Two separate forces are working today to undermine retirement security among many Muslims. The first is population pressure. Within less than two decades, it is likely that the support ratio in many Islamic countries (the ratio of people aged 15 to 64 to those aged 65 and older) will drop, shrinking tax bases and making it increasingly difficult for governments to step in and fill the gap. That makes it more important than ever for individuals and private employers to recognise and accept their own responsibilities in this area, and begin programmes of personal savings.
The second issues is that the conventional pension fund operating models we are familiar with from mature retirement markets are often not fit for the purpose under Shariah law. Certain key elements of the conventional fund models are presently considered to be haram (forbidden).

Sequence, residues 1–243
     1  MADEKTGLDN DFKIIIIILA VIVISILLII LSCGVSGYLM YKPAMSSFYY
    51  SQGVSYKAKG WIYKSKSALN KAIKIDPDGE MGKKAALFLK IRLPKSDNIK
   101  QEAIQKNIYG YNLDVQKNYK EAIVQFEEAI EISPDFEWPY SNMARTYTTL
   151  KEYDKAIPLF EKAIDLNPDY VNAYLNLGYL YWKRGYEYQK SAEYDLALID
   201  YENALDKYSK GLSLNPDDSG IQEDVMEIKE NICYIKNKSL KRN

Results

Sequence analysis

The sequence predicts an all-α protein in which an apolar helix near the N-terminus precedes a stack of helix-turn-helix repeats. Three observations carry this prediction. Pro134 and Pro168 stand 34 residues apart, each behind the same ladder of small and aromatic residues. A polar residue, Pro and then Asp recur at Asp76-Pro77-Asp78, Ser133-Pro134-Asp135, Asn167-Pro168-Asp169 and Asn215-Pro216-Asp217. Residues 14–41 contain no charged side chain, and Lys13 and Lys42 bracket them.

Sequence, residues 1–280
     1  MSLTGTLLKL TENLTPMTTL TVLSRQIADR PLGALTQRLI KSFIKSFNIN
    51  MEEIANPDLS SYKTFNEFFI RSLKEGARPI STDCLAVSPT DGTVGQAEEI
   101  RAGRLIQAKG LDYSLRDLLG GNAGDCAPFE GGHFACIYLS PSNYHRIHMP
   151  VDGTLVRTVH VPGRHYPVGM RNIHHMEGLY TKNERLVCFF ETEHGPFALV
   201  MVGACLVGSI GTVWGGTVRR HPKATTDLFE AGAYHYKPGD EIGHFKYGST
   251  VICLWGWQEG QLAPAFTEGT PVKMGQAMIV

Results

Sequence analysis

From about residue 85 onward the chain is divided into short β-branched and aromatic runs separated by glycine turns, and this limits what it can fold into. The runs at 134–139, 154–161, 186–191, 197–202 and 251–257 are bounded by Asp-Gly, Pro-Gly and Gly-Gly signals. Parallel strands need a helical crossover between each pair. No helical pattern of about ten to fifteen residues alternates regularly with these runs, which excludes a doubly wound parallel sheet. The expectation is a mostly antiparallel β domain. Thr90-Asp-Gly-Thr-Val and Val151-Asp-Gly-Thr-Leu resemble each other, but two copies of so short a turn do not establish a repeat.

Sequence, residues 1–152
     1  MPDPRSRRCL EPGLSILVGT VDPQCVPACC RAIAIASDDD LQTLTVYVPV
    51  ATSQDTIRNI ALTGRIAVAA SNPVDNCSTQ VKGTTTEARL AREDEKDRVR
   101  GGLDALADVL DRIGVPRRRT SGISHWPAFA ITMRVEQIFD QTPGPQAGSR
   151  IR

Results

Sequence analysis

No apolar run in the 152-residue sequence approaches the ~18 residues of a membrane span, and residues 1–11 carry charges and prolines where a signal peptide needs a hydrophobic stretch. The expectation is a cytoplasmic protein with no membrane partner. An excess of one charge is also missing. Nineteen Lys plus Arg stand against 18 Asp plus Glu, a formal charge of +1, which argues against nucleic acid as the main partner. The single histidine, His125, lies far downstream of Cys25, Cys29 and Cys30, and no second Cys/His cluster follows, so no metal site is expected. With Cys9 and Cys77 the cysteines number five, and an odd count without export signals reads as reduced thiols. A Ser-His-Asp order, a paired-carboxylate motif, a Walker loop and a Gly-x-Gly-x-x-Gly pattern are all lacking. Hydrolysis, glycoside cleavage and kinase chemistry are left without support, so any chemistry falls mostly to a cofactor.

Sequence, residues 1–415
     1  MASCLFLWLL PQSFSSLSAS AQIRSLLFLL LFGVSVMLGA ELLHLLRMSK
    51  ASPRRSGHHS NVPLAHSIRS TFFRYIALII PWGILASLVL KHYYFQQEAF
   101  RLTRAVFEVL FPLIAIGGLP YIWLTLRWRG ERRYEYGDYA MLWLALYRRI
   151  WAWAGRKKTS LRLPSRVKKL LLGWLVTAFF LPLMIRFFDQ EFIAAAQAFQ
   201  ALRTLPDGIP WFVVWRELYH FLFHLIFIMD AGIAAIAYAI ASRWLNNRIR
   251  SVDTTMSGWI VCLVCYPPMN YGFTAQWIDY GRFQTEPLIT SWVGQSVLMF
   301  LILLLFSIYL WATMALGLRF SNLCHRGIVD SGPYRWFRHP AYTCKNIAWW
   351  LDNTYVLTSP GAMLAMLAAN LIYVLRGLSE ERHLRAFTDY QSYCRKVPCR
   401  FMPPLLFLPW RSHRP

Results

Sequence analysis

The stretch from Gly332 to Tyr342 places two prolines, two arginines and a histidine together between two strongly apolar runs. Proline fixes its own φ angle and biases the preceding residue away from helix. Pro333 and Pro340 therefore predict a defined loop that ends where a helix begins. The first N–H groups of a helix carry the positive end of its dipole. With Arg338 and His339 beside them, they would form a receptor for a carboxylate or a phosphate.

This discussion outlines the unmistakable need in many Islamic societies for greater private pension provision. The non-applicability of annuities and conventional bonds, along with other special considerations, make this a complex landscape indeed. It is also clear there is a need and role for actuaries in contributing to developing a workable framework of Shariah-compliant pension saving.
This article was first published in the November 2013 edition of Middle East Insurance Review.